Treatment Outcome Research

Considering all the modalities and characteristics of adolescent treatment, it is important to note that as with many other medical conditions, treatment does not ensure a “cure.” The efficacy of treatment can be quite difficult to measure due to unique patient characteristics that may play a role in that person’s treatment experience. However, recent research has greatly advanced the statistical and clinical efforts in determining which program characteristics and modalities have the most successful outcomes for adolescents.

Unfortunately, a return to drug use (or relapse) is a fairly common occurrence among adolescents. Among youth treated for alcohol or drug problems, one third to one half are likely to return to some drug use at least once within 12 months following treatment. The aforementioned therapeutic elements and modalities can greatly affect the efficacy of treatment, but additional variables also have been shown to impact continued recovery and reduce the risk of relapse.

Programs need to contain key essential elements of effective treatment for adolescents which

  • Screening and comprehensive assessment to ensure understanding of the full range of issues the youth and family are experiencing. 

  • Comprehensive services to address the adolescent’s substance abuse problem as well as any medical, mental health, familial, or education problems. 

  • Family involvement. Parents’ involvement in their adolescent’s treatment and recovery increases the likelihood of a successful treatment experience. 

  • Developmentally appropriate services and therapies offered address the different needs and capabilities of adolescents. 

  • Strategies to engage and keep adolescents in treatment to help adolescents recognize the value of getting help for their problems. 

  • Qualified staff: staff should have knowledge of and experience working with adolescents/young adults with substance abuse problems and their families. 

  • Cultural and gender differences: programs should consider and address cultural and gender differences within their population. 

  • Aftercare support: effective programs plan for care after the formal treatment program is completed to ensure support and successful recovery.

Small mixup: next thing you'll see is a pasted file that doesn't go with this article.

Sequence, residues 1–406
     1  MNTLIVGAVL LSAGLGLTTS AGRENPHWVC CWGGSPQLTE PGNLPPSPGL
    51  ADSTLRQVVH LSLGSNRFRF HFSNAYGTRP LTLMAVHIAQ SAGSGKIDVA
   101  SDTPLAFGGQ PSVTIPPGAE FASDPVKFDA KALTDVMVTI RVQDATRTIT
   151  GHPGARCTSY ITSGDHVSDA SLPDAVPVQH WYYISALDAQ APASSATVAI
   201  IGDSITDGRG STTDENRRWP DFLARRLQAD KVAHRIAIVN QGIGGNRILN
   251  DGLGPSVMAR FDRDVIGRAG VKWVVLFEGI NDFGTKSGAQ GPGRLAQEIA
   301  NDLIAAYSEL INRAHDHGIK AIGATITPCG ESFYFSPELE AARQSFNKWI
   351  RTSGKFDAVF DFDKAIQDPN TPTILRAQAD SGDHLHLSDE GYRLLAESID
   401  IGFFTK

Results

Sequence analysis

• Data gathering to measure outcomes and success of the program.

Current literature on adolescent relapse risk focuses largely on two classifications of variables: treatment variables and individual variables. Treatment variables include factors specific to the adolescent’s treatment experience, such as discharge status, counselor rapport, and aftercare attendance. One of the most powerful predictors of treatment outcome in the general addiction field is the quality of the alliance between therapist and client. Continuing care, or aftercare, for adolescents also has been repeatedly shown to reduce the likelihood of relapse and enhance the maintenance of treatment gains.

Individual variables, as the name suggests, refer to unique factors specific to the individual adolescent. Such variables that have been shown to be associated with relapse include psychiatric comorbidity, lack of family involvement, continuing influence with drug-using peers, and poor coping skills.

Our overarching conceptual view of the role of this constellation of treatment and individual factors is that they interact to influence the adolescent’s decision making. Thus, if too many relapse factors are present, decisions to use drugs go unchallenged and are strengthened, yet if few or no relapse factors are present, the youth’s decision making is more likely to steer him/her toward a drug-free lifestyle.